On Saturday, we went to another show on Broadway, Aladdin. It was great! Our seats were good, the weather was decent, the performance was stellar and our dining experience before and after the show was enjoyable. It wasn’t a cheap day, but it was fun! We’ve tried to squeeze in a few shows in New York City before our daughter heads off to college. She’ll be at a university several thousand miles away so we’re trying to make the most of the time we have left. The last few months have been full of weekend trips to Boston, New York City, Newport, and DC. We’ve attended plays, toured museums and seen national landmarks from New England to the mid-Atlantic. It’s been an amazing few months!
And to pull this off, we’ve had to carefully coordinate a variety of calendars. We’ve had to manage my professional and personal calendars, my daughter’s school and personal calendars, and my wife’s personal calendar. As you probably already know, coordinating the calendars of multiple people is a complex and, at time, difficult task. But it’s a required action if you want to see Aladdin in New York City.
The nice thing about your own calendar is that you own it. You can add or delete meetings and events at will, at least to a large degree. When it comes to another’s calendar, it’s much more difficult. Why? You don’t own or control their calendar. Want face time with an executive? You have to jump through many hoops and may never successfully get time on their calendar. Perhaps your organization uses a calendaring tool like Microsoft Outlook. If so, you’d think it would be easy, right?
Say you want time with the Executive VP. You jump onto Outlook and schedule a meeting. You show up at their office and they’re not there. Or their executive assistant tells you they’re in another meeting. What! What happened? Is getting face time with an executive really this hard?
Let me point out the obvious. At least it’s obvious to me. And hopefully it’s obvious to you as well. But I have to tell you, it’s not obvious to everyone. If you’re trying to get face time with an executive (or it could be phone time or chat time or video time), there’s generally a protocol (though it may be unwritten). For example, if a person “junior” to me schedules a meeting on my Outlook calendar without a prior conversation, rarely do I accept. If they talk with me or my assistant and I agree to meet with them, they can schedule the meeting via Outlook or ask my executive assistant to schedule the meeting. But I don’t allow other people to dictate my calendar. Do you?
It’s more complicated if you’re trying to get face time with an executive in another corporation. But let’s assume they’re in your organization. Here are a few tips:
- Communicate (i.e. ask) with them ahead of time. Ask them if it’s okay for you to schedule time on their calendar.
- If they agree, ask if they’re okay with you scheduling via Outlook (or other similar system) or if they prefer another option (e.g. work with their assistant).
- Set clear expectations for the meeting. Purpose and outcome.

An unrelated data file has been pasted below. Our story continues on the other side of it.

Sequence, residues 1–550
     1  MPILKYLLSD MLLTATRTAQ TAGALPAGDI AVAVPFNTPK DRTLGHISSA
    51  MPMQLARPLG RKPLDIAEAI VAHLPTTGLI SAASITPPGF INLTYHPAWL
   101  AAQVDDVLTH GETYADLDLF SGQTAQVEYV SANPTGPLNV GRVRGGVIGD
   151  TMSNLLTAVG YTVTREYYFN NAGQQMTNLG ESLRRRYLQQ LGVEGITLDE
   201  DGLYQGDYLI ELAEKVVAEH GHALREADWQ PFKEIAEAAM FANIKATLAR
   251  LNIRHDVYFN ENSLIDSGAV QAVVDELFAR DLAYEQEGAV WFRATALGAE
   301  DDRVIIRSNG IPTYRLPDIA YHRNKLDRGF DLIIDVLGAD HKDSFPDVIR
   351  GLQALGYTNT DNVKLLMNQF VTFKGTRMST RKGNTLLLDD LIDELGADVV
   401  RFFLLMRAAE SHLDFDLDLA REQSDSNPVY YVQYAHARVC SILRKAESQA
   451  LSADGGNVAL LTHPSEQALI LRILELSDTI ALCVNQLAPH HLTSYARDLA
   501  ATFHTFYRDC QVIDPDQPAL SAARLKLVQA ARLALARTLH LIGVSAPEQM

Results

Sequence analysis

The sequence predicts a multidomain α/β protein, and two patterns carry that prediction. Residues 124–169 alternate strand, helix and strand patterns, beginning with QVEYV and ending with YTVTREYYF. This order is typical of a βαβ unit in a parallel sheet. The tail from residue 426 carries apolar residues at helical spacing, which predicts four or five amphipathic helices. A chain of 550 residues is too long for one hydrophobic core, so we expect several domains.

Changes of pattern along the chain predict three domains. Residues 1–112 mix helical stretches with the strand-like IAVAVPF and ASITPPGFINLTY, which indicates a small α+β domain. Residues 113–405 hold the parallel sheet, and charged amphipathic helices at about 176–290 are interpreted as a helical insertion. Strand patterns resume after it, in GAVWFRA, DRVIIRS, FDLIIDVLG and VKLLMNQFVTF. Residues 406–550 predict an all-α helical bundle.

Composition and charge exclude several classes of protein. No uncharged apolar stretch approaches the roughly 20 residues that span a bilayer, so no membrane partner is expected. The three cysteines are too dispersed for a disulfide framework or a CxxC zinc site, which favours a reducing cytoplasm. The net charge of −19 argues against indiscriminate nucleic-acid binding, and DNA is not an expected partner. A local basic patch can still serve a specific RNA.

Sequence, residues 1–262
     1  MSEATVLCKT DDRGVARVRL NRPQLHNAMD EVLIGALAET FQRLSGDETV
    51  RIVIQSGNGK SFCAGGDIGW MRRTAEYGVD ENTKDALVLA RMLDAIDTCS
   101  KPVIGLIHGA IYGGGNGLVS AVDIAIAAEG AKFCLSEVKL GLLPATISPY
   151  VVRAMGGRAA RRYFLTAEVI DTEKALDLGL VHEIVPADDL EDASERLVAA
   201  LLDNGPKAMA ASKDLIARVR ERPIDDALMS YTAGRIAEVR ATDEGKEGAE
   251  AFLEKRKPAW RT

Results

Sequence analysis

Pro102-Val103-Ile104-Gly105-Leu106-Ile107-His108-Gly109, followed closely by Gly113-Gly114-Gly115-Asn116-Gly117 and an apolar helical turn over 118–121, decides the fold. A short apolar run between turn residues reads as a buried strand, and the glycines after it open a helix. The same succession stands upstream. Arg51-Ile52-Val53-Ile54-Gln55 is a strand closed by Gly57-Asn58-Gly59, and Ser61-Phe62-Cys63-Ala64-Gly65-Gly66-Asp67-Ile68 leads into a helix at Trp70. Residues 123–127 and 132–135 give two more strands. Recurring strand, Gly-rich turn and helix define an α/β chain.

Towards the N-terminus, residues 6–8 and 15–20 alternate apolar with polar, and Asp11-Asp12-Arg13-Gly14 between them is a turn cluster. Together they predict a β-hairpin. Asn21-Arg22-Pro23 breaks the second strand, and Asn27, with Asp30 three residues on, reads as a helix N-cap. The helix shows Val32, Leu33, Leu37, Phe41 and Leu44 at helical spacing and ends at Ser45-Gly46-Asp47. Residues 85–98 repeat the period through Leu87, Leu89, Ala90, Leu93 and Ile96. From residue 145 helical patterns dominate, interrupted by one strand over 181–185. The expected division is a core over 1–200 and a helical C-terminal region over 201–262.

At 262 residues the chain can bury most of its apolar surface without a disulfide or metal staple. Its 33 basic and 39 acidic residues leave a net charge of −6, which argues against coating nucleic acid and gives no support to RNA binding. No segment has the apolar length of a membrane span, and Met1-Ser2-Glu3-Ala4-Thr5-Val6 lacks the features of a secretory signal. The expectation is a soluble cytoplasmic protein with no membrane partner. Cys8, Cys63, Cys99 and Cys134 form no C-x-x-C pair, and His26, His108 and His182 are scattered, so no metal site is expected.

I’ve observed that some folks believe if my Outlook calendar shows I’m “open” they have a “right” to schedule a meeting. Wrong. Some folks also believe that if they want to meet with me, I’ll make myself available. Wrong. While I’m generally accommodating, I require people to have a meeting purpose that I agree with. I also require communication ahead of time (could be an email, call, or in-person) asking if I’m okay meeting with them. I don’t care for presumptuous people. Asking goes a long way. Expecting, not so much.
Yes, I could “block” my calendar thus requiring others to go through my assistant (and preventing them from seeing my schedule). But I’m not really in that space, yet. I prefer to keep a calendar that can be seen by others. And if they ask me first, I often respond with something like, “Sure. I’m happy to meet with you for 30 minutes. Take a look on Friday afternoon and grab any time slot that’s available.”
Recently, I had someone schedule a meeting via Outlook without a prior conversation. They didn’t ask if I was willing to meet with them and they didn’t provide any context or purpose. I declined the meeting. They showed up anyways. I didn’t meet with them. But I did tell them I was willing to listen to their request. And that I needed the purpose and amount of time requested. They seemed put-off initially. In the end, I agreed to meet (the following week). Did I mention they were 3 levels lower in the organization and had not previously asked me if I’d meet with them?
Bonus: please don’t make the assumption that sending an email equals communication, especially if it’s critical and/or time-sensitive. I read or delete every email I receive every day (personal and professional email). But I’ve had people assume I read their email within 5 minutes of them sending it. Wrong! Please don’t make this mistake. If it’s timely or critical, please have a two-way communication (e.g. face-to-face or phone call) so that you can be certain the other person knows what’s going on (versus assuming everyone reads your emails or texts within minutes of being sent).
As always, I’d love to hear your experiences, stories or suggestions.
Dr. Robert Gerwig is an agent of change and is able to balance the needs of the business and the needs of people. Dr. Gerwig believes and practices the values of performance and delivery of business metrics while simultaneously developing and growing people into leaders. You can contact him at RobertGerwig[at]LeadStrategic.com.
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